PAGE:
According to a researcher at the Center of Bhutan Studies (CBS) the phallic symbol in the Bhutanese context does not denote domination of womanhood by man as does the Hindu mythology. “In Bhutanese belief the phallus rather represents a worldly illusion of desires.”
For example the phallus hung from the eaves have a dagger tied to the phallus representing two opposite impulses. “The phallus stands for an illusion and the dagger represents wisdom whereby the two negate each other leading to the sublimation of the human mind,” he said.
But the key question often asked by scholars is how did this almost-universal phallic culture seep into Bhutanese society?
According to Dasho Lam Sanga, former principal of the Institute of Language and Culture Studies (ILCS), there are no written documents on it.
“But the worship of the phallus was believed to be in practice even before the arrival of Guru Rimpoche and Shabdrung Ngawang Namgyal,” he said. “What we know about it is what we heard from our forefathers.”
Some Bhutanese schools say the phallus was a part of Bon tradition.
“The phallus is an integral part of Bon tradition,” said a researcher at the CBS. “Before Buddhism, Bonism was the major practice in Bhutan. The phallus was in the centre of and played a primary role in all Bon rituals. What we have today might possibly be a remnant of Bonism.”
A lot of Bhutanese people attribute the phallic symbolism to the legacies of the popular Bhutanese saint, Lam Drukpa Kinley (commonly called the Divine Madman for his unrestrained sexual practices and rebellion against the dogmatic religious institutions).
Bhutanese scholars strongly opposed this ‘common misconception’. “No phallic symbol was ever directly ascribed to the saint, though there were some associations,” said Sonam Kinga of the CBS. “Although the association enriches and enhances the fascination of the phallus, Drukpa Kinley used the phallus as a ‘medium’ to tame the demons and demonesses and other malevolent spirits, and in his sexual practices to overcome the social inhibitions set by the socially established values.”
In fact, a popular story illustrates how the saint tamed a demoness in Helela. Drukpa Kinley is believed to have copulated with the demoness and overwhelmed her with his sizeable organ. Today Chimmi Lhakhang in Lobesa, Thimphu, is dedicated to the saint and the people visiting the temple are blessed with a phallus, symbolising fertility.
The use of the phallus by the saint to subdue and tame malevolent spirits is linked to the popular Bhutanese belief that phallic symbols ward-off evil spirits.
“Human prosperity is supposed to arouse ill feelings,” said a ILCS lecturer, Kinzang Dorji. “People’s method of defense was to strike back through a human agency represented by the phallus. Thus the belief of protection against the evil eye.”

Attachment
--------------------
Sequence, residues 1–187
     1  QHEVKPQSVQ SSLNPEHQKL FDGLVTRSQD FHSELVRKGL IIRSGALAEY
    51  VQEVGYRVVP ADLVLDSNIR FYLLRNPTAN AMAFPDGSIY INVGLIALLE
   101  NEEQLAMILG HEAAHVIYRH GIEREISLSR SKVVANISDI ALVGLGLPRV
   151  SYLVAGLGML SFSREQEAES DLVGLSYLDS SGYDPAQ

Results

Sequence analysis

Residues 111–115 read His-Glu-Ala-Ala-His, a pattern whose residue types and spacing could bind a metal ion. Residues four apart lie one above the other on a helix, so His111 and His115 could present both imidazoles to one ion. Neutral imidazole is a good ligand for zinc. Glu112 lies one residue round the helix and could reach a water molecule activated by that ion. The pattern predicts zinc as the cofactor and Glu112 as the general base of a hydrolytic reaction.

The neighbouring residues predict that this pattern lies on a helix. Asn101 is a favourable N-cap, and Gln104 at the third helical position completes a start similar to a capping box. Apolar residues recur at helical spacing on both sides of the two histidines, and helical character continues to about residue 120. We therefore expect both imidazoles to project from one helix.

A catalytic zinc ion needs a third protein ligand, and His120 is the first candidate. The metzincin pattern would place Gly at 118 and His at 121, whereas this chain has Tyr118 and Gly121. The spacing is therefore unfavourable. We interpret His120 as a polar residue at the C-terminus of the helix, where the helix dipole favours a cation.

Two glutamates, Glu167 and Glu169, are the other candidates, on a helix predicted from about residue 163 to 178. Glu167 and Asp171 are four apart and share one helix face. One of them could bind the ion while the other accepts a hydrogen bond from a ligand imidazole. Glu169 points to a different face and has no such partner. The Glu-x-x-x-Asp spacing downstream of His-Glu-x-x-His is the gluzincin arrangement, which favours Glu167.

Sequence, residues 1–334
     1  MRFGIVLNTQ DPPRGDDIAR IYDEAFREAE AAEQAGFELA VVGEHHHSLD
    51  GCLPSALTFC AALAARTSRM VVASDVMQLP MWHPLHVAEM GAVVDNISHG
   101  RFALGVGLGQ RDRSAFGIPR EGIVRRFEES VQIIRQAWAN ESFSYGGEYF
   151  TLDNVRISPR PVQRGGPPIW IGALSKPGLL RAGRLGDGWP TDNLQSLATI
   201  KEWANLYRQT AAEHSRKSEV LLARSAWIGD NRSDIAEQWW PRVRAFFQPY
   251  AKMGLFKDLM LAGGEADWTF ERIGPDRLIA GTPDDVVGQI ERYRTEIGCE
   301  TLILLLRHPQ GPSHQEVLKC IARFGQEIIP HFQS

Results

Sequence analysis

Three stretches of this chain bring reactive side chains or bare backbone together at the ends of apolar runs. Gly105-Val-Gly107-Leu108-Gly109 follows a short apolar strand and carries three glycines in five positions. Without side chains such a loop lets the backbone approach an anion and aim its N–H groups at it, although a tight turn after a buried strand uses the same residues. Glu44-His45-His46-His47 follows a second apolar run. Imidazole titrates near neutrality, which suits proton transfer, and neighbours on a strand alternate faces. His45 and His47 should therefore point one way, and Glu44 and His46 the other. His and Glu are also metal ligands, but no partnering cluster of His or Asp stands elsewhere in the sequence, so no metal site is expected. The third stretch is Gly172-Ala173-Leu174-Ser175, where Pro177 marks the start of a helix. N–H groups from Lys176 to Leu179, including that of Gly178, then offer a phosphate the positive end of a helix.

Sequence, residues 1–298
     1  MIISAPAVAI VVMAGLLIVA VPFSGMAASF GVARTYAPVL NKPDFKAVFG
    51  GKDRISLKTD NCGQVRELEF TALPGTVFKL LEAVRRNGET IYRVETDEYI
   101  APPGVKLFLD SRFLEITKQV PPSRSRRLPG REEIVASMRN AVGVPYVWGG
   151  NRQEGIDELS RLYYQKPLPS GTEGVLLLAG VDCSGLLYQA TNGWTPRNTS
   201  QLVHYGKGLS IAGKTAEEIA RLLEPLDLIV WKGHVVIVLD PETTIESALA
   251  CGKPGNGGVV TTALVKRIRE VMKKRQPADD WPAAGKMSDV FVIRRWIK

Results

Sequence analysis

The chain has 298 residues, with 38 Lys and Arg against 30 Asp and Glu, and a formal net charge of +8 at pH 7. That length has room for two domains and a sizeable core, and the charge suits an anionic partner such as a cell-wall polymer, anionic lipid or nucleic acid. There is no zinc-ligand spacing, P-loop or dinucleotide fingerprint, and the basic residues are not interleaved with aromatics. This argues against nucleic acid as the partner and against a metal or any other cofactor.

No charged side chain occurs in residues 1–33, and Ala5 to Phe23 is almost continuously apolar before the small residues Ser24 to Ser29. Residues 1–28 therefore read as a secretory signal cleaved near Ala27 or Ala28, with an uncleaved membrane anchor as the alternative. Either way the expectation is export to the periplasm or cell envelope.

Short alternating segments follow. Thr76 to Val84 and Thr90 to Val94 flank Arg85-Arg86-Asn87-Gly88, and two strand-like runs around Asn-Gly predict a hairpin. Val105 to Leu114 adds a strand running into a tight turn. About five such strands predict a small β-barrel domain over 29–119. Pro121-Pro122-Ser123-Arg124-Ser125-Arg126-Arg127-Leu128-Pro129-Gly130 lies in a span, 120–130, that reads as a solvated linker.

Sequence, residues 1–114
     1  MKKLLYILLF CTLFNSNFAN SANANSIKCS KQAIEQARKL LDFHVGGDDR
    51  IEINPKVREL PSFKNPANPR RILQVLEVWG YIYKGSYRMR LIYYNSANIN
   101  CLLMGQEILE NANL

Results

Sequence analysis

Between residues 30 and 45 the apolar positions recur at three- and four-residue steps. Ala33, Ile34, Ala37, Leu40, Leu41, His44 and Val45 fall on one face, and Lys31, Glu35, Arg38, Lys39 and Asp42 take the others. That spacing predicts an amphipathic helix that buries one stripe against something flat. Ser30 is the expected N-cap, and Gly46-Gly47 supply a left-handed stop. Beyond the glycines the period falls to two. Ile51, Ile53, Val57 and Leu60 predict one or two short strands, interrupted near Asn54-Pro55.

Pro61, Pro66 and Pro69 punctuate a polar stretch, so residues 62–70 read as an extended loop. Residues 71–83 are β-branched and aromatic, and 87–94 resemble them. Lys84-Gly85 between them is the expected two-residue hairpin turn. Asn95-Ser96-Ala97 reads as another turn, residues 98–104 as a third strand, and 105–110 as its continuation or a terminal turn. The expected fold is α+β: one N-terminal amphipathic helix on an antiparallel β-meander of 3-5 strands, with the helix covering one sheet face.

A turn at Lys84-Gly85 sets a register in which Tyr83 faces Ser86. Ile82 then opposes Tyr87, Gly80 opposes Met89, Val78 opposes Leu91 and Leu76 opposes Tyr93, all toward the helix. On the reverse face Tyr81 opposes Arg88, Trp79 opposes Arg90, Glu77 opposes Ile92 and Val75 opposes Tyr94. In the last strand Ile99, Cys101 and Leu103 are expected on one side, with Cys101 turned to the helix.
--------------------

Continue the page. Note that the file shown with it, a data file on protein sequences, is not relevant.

Dasho Lam Sanga also added that even to this day some communities in eastern Bhutan invoked the phallus annually basically to seek its protection from the evil spirits. “They make offerings of flowers and milk and ara to please the phallus. But the colour of the ara will have to be red corresponding to the natural colour of human organ.”
Another phallic ritual in central Bhutan is dipping of a wooden phallus in the cups before offering drinks to guests.
A Thimphu resident remembers a weird experience as a teacher at Yallang community school in Trashigang. “I was invited to a village ritual. Suddenly a group of stark naked men came out of nowhere and started chasing women around the house. They caught hold of the women and rubbed their organs on them to chase the evil spirits.”
Although Bhutanese happily venerate symbols of the male organ, less venerated is the female organ, the pudenda or yoni or baga, the Latin, Hindu, and Tibetan names.
There are some representations of the female organ in Bhutan and these are usually pudenda-like symbols on rocks. One can be seen in Singye Dzong area, one in Aja Nye, and one on the rocky cliff opposite Jamkhar village in Trashigang, popularly referred to as Jamkhar ama baga (literally meaning Jamkhar Mother’s pudenda).
The Jamkhar ama baga is believed to water, which people considered as Drupchu or holy water, just before the Gomkora Tshechu which celebrates fertility.
But phallus symbolism is losing its vibrance in urban Bhutan. A Thimphu house owner who had a giant phallus painted on the wall of his building decided to erase it after people hinted time and again that it looked offensive and indecent. Phallus symbols are ‘informally’ discouraged in the urban areas by the ‘concerned authorities.’
A Thimphu resident who spoke to Kuensel said that in the long run what actually will matter is whether people will accept the symbol or not. “What would a phallus represent to the modern Bhutanese society?” he asked.
Further reading : Bhutanese penis fascinates westerners.